B. Hillier. The common language of space: a way of looking at the social, economic and environmental functioning of cities on a common basis. [url]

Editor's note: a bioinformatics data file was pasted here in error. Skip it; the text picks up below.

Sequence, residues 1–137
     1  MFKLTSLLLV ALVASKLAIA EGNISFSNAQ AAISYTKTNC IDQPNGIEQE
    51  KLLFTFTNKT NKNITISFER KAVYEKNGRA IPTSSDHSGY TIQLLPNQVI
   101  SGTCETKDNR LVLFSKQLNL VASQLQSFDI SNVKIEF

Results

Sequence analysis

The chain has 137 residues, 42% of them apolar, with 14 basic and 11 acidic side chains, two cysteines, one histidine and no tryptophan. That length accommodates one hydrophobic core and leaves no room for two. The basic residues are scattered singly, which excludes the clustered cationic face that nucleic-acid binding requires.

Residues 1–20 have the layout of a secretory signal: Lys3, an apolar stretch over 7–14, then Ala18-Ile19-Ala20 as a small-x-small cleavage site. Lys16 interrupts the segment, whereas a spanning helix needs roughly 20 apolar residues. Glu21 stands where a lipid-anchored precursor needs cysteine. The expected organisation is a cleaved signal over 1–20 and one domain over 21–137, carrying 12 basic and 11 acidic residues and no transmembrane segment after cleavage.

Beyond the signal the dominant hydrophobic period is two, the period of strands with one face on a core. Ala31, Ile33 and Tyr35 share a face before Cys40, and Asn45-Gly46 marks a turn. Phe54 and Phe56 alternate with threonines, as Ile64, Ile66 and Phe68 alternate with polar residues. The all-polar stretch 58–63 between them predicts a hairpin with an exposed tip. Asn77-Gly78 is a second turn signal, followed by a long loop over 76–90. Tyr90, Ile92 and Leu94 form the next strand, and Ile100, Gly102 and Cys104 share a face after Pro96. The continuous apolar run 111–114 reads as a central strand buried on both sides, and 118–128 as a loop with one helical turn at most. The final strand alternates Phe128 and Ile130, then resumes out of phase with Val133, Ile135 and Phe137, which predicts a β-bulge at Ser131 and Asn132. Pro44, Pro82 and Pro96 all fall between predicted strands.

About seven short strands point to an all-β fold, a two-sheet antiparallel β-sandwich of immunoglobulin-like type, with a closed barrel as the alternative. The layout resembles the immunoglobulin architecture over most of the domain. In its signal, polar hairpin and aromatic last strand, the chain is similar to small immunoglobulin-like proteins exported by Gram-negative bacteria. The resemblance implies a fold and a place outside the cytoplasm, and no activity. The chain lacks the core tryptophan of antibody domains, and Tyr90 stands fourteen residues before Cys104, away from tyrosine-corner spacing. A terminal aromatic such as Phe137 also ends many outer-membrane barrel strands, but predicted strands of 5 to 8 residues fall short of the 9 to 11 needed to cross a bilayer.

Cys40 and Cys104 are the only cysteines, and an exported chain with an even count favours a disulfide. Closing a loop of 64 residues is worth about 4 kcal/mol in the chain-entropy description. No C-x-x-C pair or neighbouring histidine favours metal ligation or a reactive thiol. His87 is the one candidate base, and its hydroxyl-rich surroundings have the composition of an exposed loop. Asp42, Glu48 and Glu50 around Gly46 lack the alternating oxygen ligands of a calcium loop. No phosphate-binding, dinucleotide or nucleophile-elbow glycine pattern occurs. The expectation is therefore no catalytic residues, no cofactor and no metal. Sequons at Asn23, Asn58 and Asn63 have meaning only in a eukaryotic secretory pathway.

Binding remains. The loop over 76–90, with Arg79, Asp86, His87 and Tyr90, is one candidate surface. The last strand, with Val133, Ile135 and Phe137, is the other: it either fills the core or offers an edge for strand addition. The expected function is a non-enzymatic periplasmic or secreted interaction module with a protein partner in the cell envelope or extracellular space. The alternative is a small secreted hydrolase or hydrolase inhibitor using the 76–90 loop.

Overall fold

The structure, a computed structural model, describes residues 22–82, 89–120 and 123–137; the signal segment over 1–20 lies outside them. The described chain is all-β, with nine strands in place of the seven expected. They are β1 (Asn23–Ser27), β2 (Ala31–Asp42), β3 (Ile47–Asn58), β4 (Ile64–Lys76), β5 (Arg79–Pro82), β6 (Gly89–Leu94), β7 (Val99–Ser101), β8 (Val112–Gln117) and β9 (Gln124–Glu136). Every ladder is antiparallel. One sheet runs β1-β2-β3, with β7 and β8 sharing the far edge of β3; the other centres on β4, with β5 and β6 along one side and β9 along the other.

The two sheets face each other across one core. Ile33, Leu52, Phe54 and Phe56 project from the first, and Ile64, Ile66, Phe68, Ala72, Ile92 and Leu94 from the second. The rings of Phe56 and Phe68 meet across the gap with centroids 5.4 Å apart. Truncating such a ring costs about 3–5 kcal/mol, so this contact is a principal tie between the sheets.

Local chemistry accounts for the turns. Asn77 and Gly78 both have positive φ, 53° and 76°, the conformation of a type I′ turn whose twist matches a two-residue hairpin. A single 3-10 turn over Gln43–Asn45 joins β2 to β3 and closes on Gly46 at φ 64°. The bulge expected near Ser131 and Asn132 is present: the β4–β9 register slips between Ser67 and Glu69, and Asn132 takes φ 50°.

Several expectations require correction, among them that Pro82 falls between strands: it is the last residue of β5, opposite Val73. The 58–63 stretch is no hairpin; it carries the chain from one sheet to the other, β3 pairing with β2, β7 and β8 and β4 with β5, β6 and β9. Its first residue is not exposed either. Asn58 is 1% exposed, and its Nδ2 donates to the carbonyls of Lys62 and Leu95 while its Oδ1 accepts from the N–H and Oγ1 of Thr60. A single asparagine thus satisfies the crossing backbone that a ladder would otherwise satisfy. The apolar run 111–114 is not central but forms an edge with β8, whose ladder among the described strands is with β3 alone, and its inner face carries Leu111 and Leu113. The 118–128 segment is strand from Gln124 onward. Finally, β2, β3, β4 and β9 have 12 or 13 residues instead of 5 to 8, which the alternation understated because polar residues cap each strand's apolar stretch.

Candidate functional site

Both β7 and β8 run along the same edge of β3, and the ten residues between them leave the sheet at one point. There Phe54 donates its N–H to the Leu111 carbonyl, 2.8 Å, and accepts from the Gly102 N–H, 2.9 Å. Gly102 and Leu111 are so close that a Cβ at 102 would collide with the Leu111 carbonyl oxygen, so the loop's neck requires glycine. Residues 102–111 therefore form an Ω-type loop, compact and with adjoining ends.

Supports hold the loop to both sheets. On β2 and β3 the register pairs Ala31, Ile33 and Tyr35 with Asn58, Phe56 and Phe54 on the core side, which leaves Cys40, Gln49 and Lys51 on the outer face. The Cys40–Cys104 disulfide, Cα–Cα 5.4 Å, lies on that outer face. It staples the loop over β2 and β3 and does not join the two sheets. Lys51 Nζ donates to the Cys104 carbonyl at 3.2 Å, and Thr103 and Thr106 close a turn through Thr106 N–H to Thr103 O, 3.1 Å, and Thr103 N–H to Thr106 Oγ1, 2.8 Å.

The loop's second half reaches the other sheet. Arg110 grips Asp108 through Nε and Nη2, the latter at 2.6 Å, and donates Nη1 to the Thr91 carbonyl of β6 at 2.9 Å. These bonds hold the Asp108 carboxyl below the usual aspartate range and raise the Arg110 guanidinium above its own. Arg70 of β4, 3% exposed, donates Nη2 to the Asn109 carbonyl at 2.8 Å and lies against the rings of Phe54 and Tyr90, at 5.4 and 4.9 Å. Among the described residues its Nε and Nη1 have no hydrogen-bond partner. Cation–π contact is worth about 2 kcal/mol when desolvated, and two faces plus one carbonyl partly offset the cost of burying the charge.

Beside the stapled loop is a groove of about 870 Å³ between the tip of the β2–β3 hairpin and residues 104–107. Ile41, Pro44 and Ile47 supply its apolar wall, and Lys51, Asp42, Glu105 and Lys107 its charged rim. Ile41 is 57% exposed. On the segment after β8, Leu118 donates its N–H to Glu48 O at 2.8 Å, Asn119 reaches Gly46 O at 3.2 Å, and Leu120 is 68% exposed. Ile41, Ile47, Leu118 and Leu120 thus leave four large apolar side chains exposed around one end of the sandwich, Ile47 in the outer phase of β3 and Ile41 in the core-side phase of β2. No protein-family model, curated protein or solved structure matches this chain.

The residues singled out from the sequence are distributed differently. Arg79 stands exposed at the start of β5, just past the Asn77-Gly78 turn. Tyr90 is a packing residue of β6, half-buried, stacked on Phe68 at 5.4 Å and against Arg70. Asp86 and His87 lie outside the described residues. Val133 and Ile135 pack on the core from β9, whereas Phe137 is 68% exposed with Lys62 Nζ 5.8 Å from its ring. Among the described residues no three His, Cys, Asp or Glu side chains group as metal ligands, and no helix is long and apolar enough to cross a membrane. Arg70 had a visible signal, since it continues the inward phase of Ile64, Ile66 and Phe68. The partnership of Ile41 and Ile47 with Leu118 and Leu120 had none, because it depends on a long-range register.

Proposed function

This paper proposes that in addition to urban research which seeks to provide answers to policy questions involving the built environment, there is also a need for research which directly addresses the physical and spatial complexity of the built environment itself as the main variable of interest, and explores any effects it may in itself have on the functioning of the urban system. This type of research reflects the questions architects and urban designers typically ask, rather than those that preoccupy planners. For such research to be effective, the physical complexity variable must be controlled at the level at which real design decisions are made. Space syntax research attempts to do this by treating built environments as systems of space, analysing them ‘configurationally’, and trying to bring to light their underlying patterns and structure. Results from space syntax research into the structure and functioning of cities show a consistency which suggests that space can be used in this way as a general means of investigating the structure and function of cities, that is, it may be the common language of the city. On the basis of this common language, it is argued, it should be possible to build a domain theory of built environments as structural and functional entities in themselves, and this will lend greater precision to studies of its interactions with other domains.